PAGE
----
Here's how it works in the U.S. TV racket: As the regular season ends, the new fall season schedules are announced. But, while this gee-whiz process is under way, the mundane task of crunching numbers for the 2012-13 season is also being done.
The numbers game is either mighty interesting or dull, depending on your point of view. Really, who cares about audience share in adults 18 to 49 years old if your favourite program, or the one strikes you as great storytelling art, simply aired and pleased you?
There are the top shows by number and the top shows based on quality and substance.
First, the numbers. Among the networks, CBS won among total viewers and the two major demographics, adults 18 to 49 and the 25-to-54 group. This marks the first time in 21 years that CBS has won in the fight for viewers 18 to 49 years old.
The Top 10 network prime-time series rankings among adults 18 to 49 are: 1. NBC's Sunday Night Football; 2. CBS's The Big Bang Theory; 3. NBC's The Voice; 4. ABC's Modern Family; 5. NBC's The Voice (Tuesday); 6. Fox's American Idol (Wednesday show); 7. Fox's American Idol (Thursday show); 8. Fox's The Following; 9. CBS's Two and a Half Men; 10. ABC's Grey's Anatomy.
Not many CBS shows in there, but CBS is dotted all over the Top 30, with such shows as Elementary (30), Mike & Molly (25), Criminal Minds (22) and Two Broke Girls (22). Even Survivor is still going strong, with Survivor: Philippines at No. 18.
The overlap between quality and success in numbers is small, The Following turned out to be terrific, energetically made entertainment, at times formidably grisly, but airing all the episodes consecutively from January to May help to make it stick as an addictive thriller.
At the same time, the shows that have satisfied, shocked, thrilled and made people think are absent from the Top 10 or Top 30. They are, for the most part, cable series – shows that have substantially diminished the ratings and impact of network TV.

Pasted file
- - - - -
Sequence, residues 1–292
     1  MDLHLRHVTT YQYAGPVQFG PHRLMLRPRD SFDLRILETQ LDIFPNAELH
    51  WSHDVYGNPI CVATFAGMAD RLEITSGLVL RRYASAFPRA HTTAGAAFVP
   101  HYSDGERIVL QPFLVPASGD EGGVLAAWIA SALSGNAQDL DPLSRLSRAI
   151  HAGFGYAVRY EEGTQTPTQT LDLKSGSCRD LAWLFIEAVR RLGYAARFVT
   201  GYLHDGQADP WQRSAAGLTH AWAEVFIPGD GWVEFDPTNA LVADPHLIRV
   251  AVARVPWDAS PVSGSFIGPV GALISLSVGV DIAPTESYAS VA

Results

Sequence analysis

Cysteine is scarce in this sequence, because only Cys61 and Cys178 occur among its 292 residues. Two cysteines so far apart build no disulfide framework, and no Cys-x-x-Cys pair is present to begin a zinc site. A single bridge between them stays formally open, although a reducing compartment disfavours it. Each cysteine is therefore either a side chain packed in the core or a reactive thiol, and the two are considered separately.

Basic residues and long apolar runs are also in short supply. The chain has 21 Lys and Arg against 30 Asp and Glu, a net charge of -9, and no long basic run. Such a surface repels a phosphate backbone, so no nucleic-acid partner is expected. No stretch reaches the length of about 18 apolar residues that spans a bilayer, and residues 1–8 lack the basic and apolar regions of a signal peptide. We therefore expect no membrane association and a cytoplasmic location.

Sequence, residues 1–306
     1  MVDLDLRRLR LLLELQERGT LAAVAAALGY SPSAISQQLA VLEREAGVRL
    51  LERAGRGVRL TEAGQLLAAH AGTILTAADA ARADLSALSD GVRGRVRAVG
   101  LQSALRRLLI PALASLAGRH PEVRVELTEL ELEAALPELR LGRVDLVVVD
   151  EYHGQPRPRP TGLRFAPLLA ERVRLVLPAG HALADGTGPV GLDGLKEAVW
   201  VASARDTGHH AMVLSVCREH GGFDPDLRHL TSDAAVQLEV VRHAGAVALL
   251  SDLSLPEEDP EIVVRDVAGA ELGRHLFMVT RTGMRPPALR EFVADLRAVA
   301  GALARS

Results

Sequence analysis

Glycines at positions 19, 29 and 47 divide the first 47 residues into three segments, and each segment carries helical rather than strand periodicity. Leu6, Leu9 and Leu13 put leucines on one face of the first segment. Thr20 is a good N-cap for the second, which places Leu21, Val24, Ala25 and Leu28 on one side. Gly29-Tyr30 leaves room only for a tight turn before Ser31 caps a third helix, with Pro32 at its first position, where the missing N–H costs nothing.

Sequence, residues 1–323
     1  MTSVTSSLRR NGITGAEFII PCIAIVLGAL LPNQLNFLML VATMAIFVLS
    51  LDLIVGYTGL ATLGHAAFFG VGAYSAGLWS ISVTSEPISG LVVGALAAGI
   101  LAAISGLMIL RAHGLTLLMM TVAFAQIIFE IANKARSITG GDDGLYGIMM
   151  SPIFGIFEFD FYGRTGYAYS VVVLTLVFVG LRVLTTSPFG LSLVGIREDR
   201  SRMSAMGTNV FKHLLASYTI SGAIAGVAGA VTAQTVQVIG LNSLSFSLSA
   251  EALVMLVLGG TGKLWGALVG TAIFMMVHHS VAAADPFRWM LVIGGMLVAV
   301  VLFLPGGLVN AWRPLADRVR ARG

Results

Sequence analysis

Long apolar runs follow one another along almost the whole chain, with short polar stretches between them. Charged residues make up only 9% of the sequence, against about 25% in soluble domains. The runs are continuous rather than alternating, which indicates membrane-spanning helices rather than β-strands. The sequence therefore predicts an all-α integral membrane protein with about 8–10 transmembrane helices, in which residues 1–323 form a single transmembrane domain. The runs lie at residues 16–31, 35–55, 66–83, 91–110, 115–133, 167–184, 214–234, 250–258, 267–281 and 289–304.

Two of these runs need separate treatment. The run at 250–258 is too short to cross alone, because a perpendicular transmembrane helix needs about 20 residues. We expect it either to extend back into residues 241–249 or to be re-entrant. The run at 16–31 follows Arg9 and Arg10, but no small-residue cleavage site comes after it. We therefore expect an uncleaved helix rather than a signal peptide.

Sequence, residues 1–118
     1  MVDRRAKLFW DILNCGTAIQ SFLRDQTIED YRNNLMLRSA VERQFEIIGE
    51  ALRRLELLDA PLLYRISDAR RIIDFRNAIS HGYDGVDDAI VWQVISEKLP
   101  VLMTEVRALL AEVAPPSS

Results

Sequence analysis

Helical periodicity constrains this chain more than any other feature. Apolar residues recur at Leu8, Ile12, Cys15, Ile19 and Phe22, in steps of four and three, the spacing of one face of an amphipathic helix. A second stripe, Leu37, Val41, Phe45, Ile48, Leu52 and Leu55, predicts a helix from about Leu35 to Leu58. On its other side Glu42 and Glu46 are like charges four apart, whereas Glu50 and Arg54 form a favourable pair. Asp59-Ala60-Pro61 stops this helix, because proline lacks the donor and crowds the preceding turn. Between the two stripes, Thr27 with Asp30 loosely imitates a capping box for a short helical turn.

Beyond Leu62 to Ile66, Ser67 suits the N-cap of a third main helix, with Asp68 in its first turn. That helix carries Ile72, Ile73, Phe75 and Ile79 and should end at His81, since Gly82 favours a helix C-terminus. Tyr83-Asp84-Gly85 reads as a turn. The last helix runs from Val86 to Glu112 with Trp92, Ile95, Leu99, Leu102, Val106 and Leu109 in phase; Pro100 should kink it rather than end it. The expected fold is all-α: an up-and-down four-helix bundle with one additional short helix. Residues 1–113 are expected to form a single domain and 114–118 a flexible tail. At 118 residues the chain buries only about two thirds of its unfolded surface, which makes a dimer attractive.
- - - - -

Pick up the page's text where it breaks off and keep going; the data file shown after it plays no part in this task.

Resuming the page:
Here's my list of the shows that truly mattered in the 2012-13 season. Not the most-watched. The best.
Rectify (Sundance Channel). In Canada, it's available on Netflix and I urge everyone to watch the six episodes. A masterpiece of Southern Gothic drama, it has Toronto-born and Australia-raised Aden Young playing Daniel Holden, released from jail when his conviction for rape and murder is undermined by new evidence. Young has described his exquisitely drawn character as "very much a child being born" and said, "It's an extraordinary tale." Which it is. No praise is too lavish for Rectify.
The Walking Dead (AMC). It did serious damage to network shows on Sunday nights this past season, and little wonder. A model of tightly written, tension-filled drama, it flaunted its anti-network style by killing off major characters and managed to be, simultaneously, both surface entertainment and meaningful drama about a world without order or stability.
The Americans (FX). Spies, lies and the 1980s. That list of ingredients for the show's recipe doesn't begin to explain its strength and allure. It's a classic celebration of the anti-hero – the central characters (well played by Keri Russell and Matthew Rhys) are dangerous, murderous spies for the Soviet Union. That, and viewers worry about the family unit at the heart of this Soviet threat.
Bates Motel (A&E). Vera Farmiga as Norma Bates has done the finest acting work on any TV series of this past season. Fragile, furious, scorned and seductive, all those characteristics are rolled into one single mom trying to do the best for her boy. Meanwhile viewers know the boy, Norman, will become a vicious, crazy serial killer.
Mad Men (AMC). Maddening, as ever. Frustrating in its wayward storytelling. And then episodes of genius, such as the recent hour in which most of the characters were high. What works, with a morbid intensity, is creeping sense that Don Draper is about to become the most repulsive man on TV.
The gulf between most-watched and most-powerful is vast. And no number crunching is necessary to define the best. It's the way it is now in the TV racket.
Frontline: Outlawed in Pakistan (PBS, 10 p.m.) is a powerful, harrowing doc that follows what happened when a 13-year-old girl, Kainat Soomro, accused four men of gang rape and pursued the case through Pakistan's tangled legal system. As the program makes clear, in this circumstance, she risked everything – her reputation, her education and even her life. At the same time, the program examines the efforts of the accused to argue their innocence and to clear their names.
All times ET. Check local listings.